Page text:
Washington, Nov.13 : Once he demits the office of the president of the United States, George W. Bush will still have the authority and the power to block subpoenas against him as per the U.S. Constitution.
According to the New York Times, former president Harry S. Truman did so in 1953, nearly a year after he left office, when a Congressional committee subpoenaed him.
"If the doctrine of separation of powers and the independence of the presidency is to have any validity at all, it must be equally applicable to a president after his term of office has expired," Truman wrote to the committee.
Congress backed down, establishing a precedent suggesting that former presidents wield lingering powers to keep matters from their administration secret.
Now, as Congressional Democrats prepare to move forward with investigations of the Bush administration, they wonder whether that claim may be invoked again. Topics of open investigations include the harsh interrogation of detainees, the prosecution of former Gov. Don Siegelman of Alabama, secret legal memorandums from the Justice Department's Office of Legal Counsel and the role of the former White House aides Karl Rove and Harriet E. Miers in the firing of federal prosecutors.
According to the paper, Bush has used his executive powers to block Congressional requests for executive branch documents and testimony from former aides. But investigators hope that the Obama administration will open the filing cabinets and withdraw assertions of executive privilege that Bush officials have invoked to keep from testifying.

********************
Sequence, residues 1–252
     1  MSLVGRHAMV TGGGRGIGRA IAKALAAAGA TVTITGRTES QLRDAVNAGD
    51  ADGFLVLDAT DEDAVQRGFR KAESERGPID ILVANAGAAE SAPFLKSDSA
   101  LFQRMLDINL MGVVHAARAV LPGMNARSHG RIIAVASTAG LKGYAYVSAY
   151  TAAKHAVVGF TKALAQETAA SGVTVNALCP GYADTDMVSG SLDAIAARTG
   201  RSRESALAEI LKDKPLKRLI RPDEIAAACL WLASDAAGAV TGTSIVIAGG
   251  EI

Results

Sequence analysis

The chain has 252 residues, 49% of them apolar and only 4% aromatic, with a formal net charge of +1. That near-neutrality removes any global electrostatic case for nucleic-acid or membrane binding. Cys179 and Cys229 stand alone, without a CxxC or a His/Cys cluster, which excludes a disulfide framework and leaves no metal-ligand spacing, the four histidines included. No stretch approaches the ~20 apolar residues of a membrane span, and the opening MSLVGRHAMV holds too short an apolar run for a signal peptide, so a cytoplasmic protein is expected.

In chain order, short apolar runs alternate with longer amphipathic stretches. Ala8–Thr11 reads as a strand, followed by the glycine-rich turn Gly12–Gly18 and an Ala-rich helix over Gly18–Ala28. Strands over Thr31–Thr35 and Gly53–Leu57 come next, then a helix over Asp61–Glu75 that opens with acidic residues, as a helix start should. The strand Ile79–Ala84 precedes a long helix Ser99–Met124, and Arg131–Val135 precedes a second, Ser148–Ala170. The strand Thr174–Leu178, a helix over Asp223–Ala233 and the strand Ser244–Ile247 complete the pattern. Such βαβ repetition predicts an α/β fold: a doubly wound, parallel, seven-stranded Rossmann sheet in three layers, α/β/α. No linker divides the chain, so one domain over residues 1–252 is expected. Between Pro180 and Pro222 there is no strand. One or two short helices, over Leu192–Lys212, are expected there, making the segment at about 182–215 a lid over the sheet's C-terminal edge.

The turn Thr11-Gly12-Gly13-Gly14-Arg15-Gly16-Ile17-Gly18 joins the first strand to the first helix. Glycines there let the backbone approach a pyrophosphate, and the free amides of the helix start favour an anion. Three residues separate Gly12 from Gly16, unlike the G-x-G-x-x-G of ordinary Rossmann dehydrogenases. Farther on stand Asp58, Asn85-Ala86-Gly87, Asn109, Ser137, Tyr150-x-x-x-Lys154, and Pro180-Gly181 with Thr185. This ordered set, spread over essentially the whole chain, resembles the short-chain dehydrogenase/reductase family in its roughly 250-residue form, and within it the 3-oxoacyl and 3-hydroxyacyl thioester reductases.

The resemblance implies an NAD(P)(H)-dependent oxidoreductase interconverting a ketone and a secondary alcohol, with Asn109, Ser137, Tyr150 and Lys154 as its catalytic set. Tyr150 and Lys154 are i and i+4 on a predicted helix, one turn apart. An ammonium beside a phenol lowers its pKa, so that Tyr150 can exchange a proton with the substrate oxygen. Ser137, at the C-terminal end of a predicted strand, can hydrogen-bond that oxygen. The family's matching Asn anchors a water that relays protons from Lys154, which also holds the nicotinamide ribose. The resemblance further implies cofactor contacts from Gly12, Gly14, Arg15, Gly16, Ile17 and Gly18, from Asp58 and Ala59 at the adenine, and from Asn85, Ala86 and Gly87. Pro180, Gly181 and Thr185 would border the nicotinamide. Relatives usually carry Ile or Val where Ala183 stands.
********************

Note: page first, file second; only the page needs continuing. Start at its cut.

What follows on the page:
Legal specialists said the pressure to investigate the Bush years would raise tough political and legal questions.
Because every president eventually leaves office, incoming chief executives have an incentive to quash investigations into their predecessor's tenure.
Bush used executive privilege for the first time in 2001, to block a subpoena by Congressional Republicans investigating the Clinton administration.
Obama has expressed worries about too many investigations.
"If crimes have been committed, they should be investigated," Obama told a paper in Philadelphia, but added, "I would not want my first term consumed by what was perceived on the part of Republicans as a partisan witch hunt, because I think we've got too many problems we've got to solve."